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High-Dynamic-Range Imaging Using a Deformable Mirror for Space Coronography

F. Malbet, J. W. Yu and M. Shao
Publications of the Astronomical Society of the Pacific
Vol. 107, No. 710 (1995 April), pp. 386-398
Stable URL: http://www.jstor.org/stable/40680547
Page Count: 13
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Since scans are not currently available to screen readers, please contact JSTOR User Support for access. We'll provide a PDF copy for your screen reader.
High-Dynamic-Range Imaging Using a Deformable Mirror for Space Coronography
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Abstract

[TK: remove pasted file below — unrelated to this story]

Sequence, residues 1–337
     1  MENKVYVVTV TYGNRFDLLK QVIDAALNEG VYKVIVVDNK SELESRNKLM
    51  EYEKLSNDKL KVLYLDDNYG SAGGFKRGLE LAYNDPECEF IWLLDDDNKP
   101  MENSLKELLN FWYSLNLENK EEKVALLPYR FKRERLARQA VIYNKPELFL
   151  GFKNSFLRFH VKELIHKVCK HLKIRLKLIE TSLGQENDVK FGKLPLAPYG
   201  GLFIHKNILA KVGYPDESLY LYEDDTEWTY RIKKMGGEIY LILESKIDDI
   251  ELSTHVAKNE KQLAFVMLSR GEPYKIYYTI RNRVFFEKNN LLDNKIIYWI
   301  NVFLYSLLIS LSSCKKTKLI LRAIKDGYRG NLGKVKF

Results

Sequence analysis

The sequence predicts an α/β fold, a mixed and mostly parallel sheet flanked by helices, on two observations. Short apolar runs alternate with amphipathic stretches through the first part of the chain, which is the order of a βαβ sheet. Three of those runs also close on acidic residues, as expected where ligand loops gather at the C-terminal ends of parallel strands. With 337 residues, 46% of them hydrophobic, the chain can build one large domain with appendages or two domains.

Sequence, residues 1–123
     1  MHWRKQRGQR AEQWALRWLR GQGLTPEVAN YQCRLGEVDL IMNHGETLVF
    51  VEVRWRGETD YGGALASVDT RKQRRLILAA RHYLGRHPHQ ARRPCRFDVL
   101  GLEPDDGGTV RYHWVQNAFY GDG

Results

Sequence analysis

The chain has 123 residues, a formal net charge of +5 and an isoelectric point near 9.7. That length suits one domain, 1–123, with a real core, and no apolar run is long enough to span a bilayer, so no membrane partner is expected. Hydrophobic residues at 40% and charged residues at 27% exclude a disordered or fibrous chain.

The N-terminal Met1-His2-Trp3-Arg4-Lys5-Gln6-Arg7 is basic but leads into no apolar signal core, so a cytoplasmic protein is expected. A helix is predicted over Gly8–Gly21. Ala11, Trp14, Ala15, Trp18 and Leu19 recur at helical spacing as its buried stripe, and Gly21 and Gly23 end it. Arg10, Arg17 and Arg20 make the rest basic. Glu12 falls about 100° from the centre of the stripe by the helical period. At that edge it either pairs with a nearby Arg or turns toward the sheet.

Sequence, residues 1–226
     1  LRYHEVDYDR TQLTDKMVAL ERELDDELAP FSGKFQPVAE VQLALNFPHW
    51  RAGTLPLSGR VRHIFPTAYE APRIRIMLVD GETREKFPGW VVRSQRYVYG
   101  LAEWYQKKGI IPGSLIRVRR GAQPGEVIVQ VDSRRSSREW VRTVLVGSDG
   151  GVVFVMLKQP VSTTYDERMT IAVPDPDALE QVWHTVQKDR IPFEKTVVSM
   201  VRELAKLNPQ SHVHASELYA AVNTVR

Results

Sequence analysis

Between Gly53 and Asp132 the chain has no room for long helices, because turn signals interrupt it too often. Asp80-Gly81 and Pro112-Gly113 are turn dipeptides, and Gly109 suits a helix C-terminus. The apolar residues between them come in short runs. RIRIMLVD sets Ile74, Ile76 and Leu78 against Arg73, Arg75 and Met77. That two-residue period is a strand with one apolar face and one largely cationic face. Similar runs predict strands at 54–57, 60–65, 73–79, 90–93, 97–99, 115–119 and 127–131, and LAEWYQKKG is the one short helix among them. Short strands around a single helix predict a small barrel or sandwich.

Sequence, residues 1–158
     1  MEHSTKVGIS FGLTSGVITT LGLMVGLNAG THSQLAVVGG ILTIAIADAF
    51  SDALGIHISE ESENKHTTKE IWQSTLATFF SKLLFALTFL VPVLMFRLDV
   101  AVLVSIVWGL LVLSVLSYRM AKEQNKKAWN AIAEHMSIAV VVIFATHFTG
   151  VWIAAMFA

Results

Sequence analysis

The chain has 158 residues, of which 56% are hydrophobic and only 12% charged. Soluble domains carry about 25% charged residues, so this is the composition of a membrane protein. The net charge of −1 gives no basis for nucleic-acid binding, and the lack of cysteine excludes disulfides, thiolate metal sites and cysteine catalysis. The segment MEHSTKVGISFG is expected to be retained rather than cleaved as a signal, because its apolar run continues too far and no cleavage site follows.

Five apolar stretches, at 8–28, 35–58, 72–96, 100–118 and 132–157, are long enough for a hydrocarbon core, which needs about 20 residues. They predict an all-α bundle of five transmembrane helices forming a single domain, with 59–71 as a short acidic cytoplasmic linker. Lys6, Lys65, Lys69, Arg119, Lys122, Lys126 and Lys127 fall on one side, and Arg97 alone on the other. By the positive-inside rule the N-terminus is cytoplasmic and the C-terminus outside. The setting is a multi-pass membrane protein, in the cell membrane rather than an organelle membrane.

The need for high-dynamic-range imaging is crucial in many astronomical fields, such as extra-solar planet direct detection, extragalactic science, and circumstellar imaging. Using a high-quality coronograph, dynamic ranges of up to 10⁵ have been achieved. However the ultimate limitations of coronographs do not come from their optical performances, but from scattering due to imperfections in the optical surfaces of the collecting system. We propose the use of a deformable mirror to correct these imperfections and decrease the scattering level in local regions called "dark holes." Using this technique will enable imaging of fields with dynamic ranges exceeding 10ɸ. We show that the dark-hole algorithm results in a lower scattering level than simply minimizing the rms figure error (maximum-strehl-ratio algorithm). The achievable scattering level inside the dark-hole region will depend on the number of mirror actuators, the surface quality of the telescope, the single-actuator influence function, and the observing wavelength. We have simulated cases with a 37×37 deformable mirror using data from the Hubble Space Telescope optics without spherical aberrations and have demonstrated dark holes with rectangular and annular shapes. We also present a preliminary concept of a monolithic, fully integrated, high-density deformable mirror which can be used for this type of space application.

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